Unlocking weight loss. Mounjaro's triumph over obesity challenges

17.10.2023 posted by Admin

Trial reveals mounjaro's success combatting obesity

A recent trial has showcased the effectiveness of Mounjaro, a medication typically used to treat diabetes, in combatting obesity. People who incorporated tirzepatide (Mounjaro) into their diet and exercise routine experienced significantly more sustained weight loss compared to those who took a placebo, according to Dr. Jeff Emmick, the senior vice president of product development at Eli Lilly, the pharmaceutical company behind the drug. While adopting a healthy lifestyle is crucial for managing obesity, this study highlights the challenges many individuals face in maintaining weight loss through diet and exercise alone.

Even though Mounjaro received approval for diabetes treatment in May 2022, it has been employed "off-label" for addressing obesity.

Tirzepatide operates by targeting two hormones that regulate appetite and the sensation of fullness. The distinctive feature of Mounjaro, setting it apart from other well-known weight-loss medications like Ozempic and Wegovy, is that it targets two hormones while the others focus on just one.

The Mounjaro investigation encompassed 800 overweight and obese individuals with weight-related health issues, excluding diabetes. Participants initially weighed around 241 pounds and had a body mass index of approximately 38.

Over 200 participants left the trial after three months of intensive diet and exercise for various reasons, including their inability to shed weight.

Concurrently, researchers randomly assigned the remaining 600 participants to either receive tirzepatide or a placebo through weekly injections over a span of approximately 16 months. Nearly 500 individuals successfully completed the study, as highlighted by the researchers.

"This study demonstrates that if you shed weight before starting the medication, you can achieve even greater weight loss afterward," explained Dr. Thomas Wadden, the lead researcher and an obesity specialist at the University of Pennsylvania, speaking to the Associated Press.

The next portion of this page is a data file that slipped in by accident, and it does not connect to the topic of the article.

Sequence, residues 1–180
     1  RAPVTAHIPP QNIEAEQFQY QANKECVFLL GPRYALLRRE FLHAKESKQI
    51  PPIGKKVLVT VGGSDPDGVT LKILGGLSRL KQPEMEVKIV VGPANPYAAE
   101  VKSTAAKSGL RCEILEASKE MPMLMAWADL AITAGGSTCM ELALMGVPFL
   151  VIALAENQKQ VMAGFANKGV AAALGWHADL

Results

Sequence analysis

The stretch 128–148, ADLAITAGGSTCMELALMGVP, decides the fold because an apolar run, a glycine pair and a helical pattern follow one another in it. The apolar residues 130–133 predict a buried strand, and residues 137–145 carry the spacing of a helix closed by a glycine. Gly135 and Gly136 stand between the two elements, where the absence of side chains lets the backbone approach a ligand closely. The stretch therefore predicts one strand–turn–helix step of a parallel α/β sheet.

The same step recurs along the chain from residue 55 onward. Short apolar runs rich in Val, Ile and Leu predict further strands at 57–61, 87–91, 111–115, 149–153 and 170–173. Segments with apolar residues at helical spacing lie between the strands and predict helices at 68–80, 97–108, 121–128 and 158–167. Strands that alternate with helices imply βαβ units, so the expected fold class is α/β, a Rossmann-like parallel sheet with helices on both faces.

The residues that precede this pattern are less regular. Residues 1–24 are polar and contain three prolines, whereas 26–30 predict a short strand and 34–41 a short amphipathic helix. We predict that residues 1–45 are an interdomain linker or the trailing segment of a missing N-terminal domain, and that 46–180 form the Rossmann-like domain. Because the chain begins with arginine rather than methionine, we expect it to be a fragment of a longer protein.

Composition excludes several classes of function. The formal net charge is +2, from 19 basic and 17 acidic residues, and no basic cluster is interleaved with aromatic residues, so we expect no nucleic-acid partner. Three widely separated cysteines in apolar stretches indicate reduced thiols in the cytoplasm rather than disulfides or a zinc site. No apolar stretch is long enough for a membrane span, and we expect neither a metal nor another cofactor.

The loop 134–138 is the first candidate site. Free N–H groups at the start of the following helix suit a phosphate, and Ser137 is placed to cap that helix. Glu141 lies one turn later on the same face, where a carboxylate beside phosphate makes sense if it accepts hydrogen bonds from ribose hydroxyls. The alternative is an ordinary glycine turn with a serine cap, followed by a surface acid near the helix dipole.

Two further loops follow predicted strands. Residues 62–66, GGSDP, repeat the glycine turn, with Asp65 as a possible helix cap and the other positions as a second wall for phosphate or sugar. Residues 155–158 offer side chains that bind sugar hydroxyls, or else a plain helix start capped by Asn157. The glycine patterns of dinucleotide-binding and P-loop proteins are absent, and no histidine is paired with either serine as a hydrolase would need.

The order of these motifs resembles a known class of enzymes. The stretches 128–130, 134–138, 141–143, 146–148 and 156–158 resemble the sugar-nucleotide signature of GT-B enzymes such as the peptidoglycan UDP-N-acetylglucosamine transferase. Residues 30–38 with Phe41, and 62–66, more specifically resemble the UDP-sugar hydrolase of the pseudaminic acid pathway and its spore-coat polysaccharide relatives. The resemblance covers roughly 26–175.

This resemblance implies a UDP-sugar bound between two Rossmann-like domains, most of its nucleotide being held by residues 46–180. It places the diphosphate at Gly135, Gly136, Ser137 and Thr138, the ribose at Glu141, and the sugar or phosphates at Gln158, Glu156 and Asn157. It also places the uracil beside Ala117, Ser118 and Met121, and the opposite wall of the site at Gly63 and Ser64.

The results of this study were presented by Lilly during Obesity Week in Dallas and were simultaneously published in the journal Nature Medicine.

"Any way you look at it, it's a significant fraction of your total body weight," remarked Dr. Caroline Apovian, a specialist in obesity treatment at Brigham and Women's Hospital, in her conversation with the AP.

Participants in both groups initially lost nearly 17 pounds through the initial phase, which excluded medication use, amounting to approximately 7% of their overall body weight.

Those who subsequently received Mounjaro experienced an additional weight loss of 18.4% of their body weight, equivalent to about 44 pounds. In contrast, the others regained approximately six pounds.

Approximately 88% of individuals taking the medication lost at least 5% of their body weight during the study, compared to only 17% of those on a placebo. Nearly 29% of those taking the medication lost a quarter or more of their body weight, in contrast to roughly 1% of those taking the placebo.

This level of success is similar to what's typically seen with bariatric surgery, according to Apovian. Side effects include nausea, diarrhea, and constipation, which tend to intensify as the dosage increases.

The U.S. Food and Drug Administration has reportedly granted the drug a fast-track review for obesity treatment, as reported by the AP.
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